The origins of the Miss America pageant lie in a 1920 event entitled The Fall Frolic. Held on September 25 in Atlantic City, New Jersey, the event was designed to bring business to the Boardwalk: “three hundred and fifty gaily decorated rolling wicker chairs were pushed along the parade route. Three hundred and fifty men pushed the chairs. However, the main attractions were the young ‘maidens’ who sat in the rolling chairs, headed by a Miss Ernestine Cremona, who was dressed in a flowing white robe and represented ‘Peace.
The pageant continued consistently over the next eight decades except for the years 1928–1932, when it was temporarily shut down due to financial problems associated with the Great Depression and suggestions that it promoted “loose morals.”
With its revival in 1933, 15-year-old Marian Bergeron won, prompting future contestants to be between the ages of 18 and 26.
In 1935, Lenora Slaughter was hired to “re-invent” the pageant and served for 32 years as its Director. By 1938, a talent section was added to the competition, and contestants were required to have a chaperone.
In 1940, the title officially became “The Miss America Pageant” and the pageant was held in Atlantic City’s Convention Hall.
In 1944, compensation for “Miss America” switched from “furs and movie contracts” to college scholarships, an idea generally credited to Jean Bartel, Miss America 1943.
During the early years of the pageant, under the directorship of Lenora Slaughter, it became segregated via rule number seven that stated: “contestants must be of good health and of the white race.” Rule number seven was abolished in 1950.
Miss New York 1945, Bess Myerson, the only Jewish American winner to date, became Miss America 1945 and faced antisemitism during her time as Miss America, leading to a cutback in her official duties.
Although there were Native American, Latina, and Asian-American contestants, there were no African-American contestants for fifty years (African-Americans appeared in musical numbers as far back as 1923, however, when they were cast as slaves).
In 1970, however, Cheryl Browne, Miss Iowa 1970, competed as the first African-American contestant in the Miss America 1971 pageant. She also participated in one of the last USO-Miss America tours in Vietnam. A decade later in 1983, Miss New York (and Miss Syracuse) 1983, Vanessa Williams (the first African-American woman to win the competition as Miss America 1984), faced discrimination in response to her win and later resigned under pressure due to a scandal involving nude photographs.Three decades after these events, Miss New York (and Miss Syracuse) 2013, Nina Davuluri, the first Indian-American woman to win the crown as Miss America 2014, faced xenophobic and racist comments in social media when she won. Two years later at the Miss America 2016 pageant, Miss America CEO Sam Haskell apologized to Vanessa Williams (who was serving as
Three decades after these events, Miss New York (and Miss Syracuse) 2013, Nina Davuluri, the first Indian-American woman to win the crown as Miss America 2014, faced xenophobic and racist comments in social media when she won. Two years later at the Miss America 2016 pageant, Miss America CEO Sam Haskell apologized to Vanessa Williams (who was serving as head judge) for what was said to her during the events of 1984.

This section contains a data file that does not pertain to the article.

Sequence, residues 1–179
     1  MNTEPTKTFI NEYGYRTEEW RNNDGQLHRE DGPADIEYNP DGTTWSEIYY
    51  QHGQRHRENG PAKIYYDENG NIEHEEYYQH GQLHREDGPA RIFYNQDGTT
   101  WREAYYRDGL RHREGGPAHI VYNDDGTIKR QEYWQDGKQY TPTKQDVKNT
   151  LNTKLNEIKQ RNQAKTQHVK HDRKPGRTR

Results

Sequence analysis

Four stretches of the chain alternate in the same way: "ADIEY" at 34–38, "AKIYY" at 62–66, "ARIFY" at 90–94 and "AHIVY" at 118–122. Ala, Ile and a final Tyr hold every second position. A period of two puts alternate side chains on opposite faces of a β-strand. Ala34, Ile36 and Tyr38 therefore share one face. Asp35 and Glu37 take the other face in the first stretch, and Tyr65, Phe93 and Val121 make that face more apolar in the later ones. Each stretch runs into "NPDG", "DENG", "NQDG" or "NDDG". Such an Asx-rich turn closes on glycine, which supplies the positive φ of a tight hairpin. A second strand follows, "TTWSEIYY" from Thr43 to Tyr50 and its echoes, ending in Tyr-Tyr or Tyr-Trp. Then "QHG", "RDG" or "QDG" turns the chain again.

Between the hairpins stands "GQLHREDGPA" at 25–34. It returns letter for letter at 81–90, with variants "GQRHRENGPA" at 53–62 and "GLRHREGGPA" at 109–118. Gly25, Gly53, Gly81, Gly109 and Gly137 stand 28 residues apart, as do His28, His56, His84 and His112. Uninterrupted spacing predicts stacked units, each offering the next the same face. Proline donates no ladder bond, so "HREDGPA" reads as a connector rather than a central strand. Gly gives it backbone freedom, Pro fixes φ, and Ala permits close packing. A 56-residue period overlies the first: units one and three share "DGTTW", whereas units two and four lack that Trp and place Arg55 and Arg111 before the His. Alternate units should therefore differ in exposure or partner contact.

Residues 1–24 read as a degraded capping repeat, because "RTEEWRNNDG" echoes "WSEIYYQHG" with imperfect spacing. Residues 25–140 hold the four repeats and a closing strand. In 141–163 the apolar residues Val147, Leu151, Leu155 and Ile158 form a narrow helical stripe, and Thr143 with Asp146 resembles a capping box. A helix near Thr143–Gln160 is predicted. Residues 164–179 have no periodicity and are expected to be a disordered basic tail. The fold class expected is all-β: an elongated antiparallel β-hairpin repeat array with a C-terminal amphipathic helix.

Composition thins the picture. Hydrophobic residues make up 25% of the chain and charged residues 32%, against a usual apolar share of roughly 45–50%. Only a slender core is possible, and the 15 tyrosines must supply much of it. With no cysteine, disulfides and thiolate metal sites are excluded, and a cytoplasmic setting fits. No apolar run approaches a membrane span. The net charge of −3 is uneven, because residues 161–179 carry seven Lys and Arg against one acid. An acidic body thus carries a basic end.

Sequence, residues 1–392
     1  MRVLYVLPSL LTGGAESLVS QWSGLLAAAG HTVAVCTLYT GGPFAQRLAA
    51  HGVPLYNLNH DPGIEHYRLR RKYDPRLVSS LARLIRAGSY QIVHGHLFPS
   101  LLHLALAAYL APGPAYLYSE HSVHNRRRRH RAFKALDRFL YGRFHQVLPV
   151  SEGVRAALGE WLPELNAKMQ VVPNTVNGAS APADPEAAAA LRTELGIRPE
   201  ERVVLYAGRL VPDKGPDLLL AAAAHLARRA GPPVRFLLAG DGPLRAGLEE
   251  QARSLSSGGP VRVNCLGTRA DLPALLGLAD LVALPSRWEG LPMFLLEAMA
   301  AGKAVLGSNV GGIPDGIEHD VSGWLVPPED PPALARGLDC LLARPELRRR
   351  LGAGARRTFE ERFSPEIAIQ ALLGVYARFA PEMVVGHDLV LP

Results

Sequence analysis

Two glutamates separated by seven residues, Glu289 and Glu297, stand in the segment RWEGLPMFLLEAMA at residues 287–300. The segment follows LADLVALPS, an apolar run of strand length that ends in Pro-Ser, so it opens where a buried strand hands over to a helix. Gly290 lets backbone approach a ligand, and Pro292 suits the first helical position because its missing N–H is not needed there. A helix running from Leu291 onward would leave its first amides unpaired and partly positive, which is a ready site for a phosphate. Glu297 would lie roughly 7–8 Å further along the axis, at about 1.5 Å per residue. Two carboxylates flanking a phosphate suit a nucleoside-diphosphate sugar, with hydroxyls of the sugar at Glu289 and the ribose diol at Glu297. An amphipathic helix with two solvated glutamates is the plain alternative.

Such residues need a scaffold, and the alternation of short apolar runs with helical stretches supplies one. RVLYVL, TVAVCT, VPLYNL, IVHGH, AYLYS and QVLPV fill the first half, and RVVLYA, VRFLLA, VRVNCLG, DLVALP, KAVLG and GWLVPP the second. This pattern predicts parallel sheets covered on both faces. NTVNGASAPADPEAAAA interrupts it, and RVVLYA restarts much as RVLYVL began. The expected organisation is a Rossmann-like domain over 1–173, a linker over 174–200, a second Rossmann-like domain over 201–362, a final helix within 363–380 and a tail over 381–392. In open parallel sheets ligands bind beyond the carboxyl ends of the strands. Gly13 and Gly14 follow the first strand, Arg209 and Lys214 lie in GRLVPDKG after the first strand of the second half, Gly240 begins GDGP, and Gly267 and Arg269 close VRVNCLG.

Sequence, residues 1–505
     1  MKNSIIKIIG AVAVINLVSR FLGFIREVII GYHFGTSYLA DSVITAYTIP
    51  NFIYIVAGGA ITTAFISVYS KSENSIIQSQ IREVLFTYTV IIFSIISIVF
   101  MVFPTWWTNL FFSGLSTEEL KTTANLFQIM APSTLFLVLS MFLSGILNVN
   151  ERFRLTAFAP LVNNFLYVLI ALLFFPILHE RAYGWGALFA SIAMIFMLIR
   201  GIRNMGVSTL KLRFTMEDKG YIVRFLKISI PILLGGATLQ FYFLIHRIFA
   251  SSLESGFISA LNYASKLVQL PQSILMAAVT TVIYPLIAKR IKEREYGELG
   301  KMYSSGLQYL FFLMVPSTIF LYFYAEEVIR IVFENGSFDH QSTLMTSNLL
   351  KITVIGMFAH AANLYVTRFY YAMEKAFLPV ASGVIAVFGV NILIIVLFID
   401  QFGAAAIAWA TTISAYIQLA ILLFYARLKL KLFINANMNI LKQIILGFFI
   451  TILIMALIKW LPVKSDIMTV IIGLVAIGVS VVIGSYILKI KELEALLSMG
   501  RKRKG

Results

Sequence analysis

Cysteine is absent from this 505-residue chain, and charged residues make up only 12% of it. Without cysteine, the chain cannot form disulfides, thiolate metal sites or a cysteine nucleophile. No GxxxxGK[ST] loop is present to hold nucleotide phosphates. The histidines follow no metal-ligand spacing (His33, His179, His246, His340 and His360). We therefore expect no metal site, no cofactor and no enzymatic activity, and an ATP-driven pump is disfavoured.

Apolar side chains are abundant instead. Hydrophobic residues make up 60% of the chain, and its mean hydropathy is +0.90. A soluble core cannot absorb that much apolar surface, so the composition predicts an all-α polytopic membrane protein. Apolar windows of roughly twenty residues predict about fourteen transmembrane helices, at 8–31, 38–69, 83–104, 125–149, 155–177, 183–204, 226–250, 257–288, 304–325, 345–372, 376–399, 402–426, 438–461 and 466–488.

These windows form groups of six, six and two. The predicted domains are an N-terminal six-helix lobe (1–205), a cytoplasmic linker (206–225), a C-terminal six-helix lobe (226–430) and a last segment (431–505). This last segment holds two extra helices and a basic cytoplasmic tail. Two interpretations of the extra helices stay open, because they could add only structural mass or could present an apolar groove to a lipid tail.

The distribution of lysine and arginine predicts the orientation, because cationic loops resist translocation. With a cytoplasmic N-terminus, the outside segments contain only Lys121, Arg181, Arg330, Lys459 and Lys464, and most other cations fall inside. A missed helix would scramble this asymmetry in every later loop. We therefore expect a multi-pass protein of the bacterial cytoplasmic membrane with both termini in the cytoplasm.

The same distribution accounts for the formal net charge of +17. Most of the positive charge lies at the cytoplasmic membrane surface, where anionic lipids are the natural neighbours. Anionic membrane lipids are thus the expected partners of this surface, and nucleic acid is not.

The next Miss America will soon be crowned, just as a deadly hurricane slams into Florida and not long after another one inundated Texas.
Hurricanes Harvey and Irma have been a backdrop to the Miss America preliminary competition this week, with contestants from storm-tossed or threatened states sending messages of support and promises of prayers to those in harm’s way.
Contestants from Texas and Florida have each won a preliminary competition leading into Sunday’s nationally televised finale.
Miss Texas Margana Wood gave a shout-out to her flooded hometown, Houston; she won Wednesday night’s swimsuit preliminary.
Miss Florida Sara Zeng won Friday’s swimsuit prelim, and promised she’ll be part of the post-Irma cleanup and recovery effort, whether as Miss America or not.
It’s an open question how many people in pageant-obsessed parts of the country will even be able to watch the finale on TV, with thousands displaced in Texas and nearby, and a massive evacuation having been ordered for Florida; power outages already had begun by Saturday night.
The 97th Miss America competition will take place at Atlantic City’s Boardwalk Hall, where it originated as a way to extend summer tourism to the weekend after Labor Day.
The 51 contestants – one from each state plus the District of Columbia – will be vying to succeed the outgoing Miss America Savvy Shields, who won the title last September as Miss Arkansas.
Miss Louisiana Laryssa Bonacquisti was off to a good start heading into the home stretch: She won swimsuit and talent preliminaries on successive nights Thursday and Friday.
There’s one big change to this year’s finale. Contestants nearing the finish line will face a second round of onstage questioning as judges narrow the field. Sam Haskell, executive chairman and CEO of the Miss America Organization, said the second round of onstage interviews is designed to bring out more about the contestants.
The finale will be broadcast live on ABC beginning at 9 p.m. EDT.
Before that, in a ceremony that TV viewers will not see, 12 Gold Star mothers will be honored onstage as honorary Miss Americas for life, and will talk about their sons who were killed while serving in.
All week, the 51 contestants in the Miss America 2018 pageant have been vying for the crown in preliminary competition at Boardwalk Hall. Now it’s time for the main event: the pageant final.
Here’s the viewing information for this year’s pageant: The 2018 Miss America pageant airs live from Atlantic City at 9 p.m. on Sunday, Sept. 10 on ABC.